PTC—in Portugal, ANACOM identified that the net cost was positive (and material relative to the costs of a sharing mechanism) and could be considered an unfair burden, as PTC had lost significant market share and seen a material impact on profitability.
eircom—in Ireland, the electronic communications and postal regulator, ComReg, has implemented a formal process for assessing net cost applications by eircom. As discussed in the box below, ComReg concluded that the net cost for 2009/10, while material to the costs of a sharing mechanism, did not prevent eircom earning a fair return on capital, and therefore it could not be considered unfair.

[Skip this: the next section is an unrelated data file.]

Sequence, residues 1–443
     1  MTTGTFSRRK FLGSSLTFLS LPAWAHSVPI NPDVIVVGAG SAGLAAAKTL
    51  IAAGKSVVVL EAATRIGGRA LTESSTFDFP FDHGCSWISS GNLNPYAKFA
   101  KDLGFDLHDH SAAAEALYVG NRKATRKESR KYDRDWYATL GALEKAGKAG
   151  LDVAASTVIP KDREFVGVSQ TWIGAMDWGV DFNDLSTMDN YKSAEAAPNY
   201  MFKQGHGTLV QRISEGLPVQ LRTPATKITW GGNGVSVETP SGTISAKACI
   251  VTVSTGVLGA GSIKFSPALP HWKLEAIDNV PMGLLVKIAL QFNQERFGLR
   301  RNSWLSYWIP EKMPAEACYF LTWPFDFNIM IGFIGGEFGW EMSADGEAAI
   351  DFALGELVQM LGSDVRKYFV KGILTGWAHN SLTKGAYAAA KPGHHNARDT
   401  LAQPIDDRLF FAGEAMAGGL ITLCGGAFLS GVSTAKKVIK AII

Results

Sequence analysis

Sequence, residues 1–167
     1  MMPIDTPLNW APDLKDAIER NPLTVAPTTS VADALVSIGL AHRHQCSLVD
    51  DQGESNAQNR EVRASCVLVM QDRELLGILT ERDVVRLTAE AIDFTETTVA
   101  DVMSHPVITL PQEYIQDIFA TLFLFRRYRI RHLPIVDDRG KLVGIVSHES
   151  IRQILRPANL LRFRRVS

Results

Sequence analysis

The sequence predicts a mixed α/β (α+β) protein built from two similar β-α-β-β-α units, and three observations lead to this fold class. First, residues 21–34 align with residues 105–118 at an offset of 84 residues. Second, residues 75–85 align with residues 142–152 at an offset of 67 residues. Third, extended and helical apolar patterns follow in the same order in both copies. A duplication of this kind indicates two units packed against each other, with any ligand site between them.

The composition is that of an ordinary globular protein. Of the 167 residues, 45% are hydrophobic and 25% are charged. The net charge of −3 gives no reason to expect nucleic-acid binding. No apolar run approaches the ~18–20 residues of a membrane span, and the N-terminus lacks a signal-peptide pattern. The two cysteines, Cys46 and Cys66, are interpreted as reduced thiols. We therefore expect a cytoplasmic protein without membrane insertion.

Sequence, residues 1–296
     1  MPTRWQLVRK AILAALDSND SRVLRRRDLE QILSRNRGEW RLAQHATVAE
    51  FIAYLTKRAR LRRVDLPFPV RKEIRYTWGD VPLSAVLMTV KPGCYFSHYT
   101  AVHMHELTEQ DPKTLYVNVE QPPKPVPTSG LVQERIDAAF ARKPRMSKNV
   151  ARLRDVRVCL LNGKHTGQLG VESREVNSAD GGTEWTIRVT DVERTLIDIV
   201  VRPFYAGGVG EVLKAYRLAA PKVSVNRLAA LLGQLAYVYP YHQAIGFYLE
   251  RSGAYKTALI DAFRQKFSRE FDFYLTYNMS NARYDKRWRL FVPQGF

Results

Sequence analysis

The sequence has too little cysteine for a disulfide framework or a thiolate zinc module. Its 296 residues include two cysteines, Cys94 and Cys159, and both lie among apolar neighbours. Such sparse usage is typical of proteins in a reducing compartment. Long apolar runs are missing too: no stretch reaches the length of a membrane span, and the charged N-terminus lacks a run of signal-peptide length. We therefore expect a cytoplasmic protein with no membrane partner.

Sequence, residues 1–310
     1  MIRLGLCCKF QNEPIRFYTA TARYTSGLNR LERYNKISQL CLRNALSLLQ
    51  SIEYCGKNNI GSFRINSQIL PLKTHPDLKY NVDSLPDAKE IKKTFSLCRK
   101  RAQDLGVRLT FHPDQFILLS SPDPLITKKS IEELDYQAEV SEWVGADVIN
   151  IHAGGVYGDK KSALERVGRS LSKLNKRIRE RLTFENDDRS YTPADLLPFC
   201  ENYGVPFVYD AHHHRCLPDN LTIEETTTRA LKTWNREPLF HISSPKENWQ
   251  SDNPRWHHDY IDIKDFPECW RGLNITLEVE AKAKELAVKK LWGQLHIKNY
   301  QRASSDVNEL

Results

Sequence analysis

What is the future of the USO?
The challenges of how to fund new infrastructure investment are arguably getting bigger. For example, in the UK, BT may be profitable, but it has been able to roll out new technology commercially only in certain areas. In some rural or remote areas, it may not be profitable to invest in new technology. Given trends in Internet usage, and with some public services moving towards Internet-only provision, a universal service based on postal services and voice calls might not be sufficient in the future.
Therefore, if governments want to continue the concept of universal provision into new technologies, they may either need to fund that investment directly, or the scope of the USO, and therefore the net cost, may need to increase. However, in communications markets, the funding of the USO through a retained dominant position is likely to be increasingly difficult over time. In fixed telecoms in particular there is increasing competition and falling market shares of former incumbents, as shown in Figure 3.